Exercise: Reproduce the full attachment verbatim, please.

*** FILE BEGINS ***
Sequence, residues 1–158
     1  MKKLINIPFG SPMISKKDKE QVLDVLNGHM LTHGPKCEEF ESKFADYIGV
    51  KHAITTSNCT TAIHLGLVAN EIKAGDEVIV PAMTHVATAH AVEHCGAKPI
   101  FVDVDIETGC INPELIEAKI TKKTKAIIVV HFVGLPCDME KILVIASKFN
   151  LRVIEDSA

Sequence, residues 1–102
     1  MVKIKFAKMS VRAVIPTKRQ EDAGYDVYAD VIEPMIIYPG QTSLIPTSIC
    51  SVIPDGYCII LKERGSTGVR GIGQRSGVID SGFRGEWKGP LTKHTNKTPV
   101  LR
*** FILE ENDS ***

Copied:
Sequence, residues 1–158
     1  MKKLINIPFG SPMISKKDKE QVLDVLNGHM LTHGPKCEEF ESKFADYIGV
    51  KHAITTSNCT TAIHLGLVAN EIKAGDEVIV PAMTHVATAH AVEHCGAKPI
   101  FVDVDIETGC INPELIEAKI TKKTKAIIVV HFVGLPCDME KILVIASKFN
   151  LRVIEDSA

Sequence, residues 1–102
     1  MVKIKFAKMS VRAVIPTKRQ EDAGYDVYAD VIEPMIIYPG QTSLIPTSIC
    51  SVIPDGYCII LKERGSTGVR GIGQRSGVID SGFRGEWKGP LTKHTNKTPV
   101  LR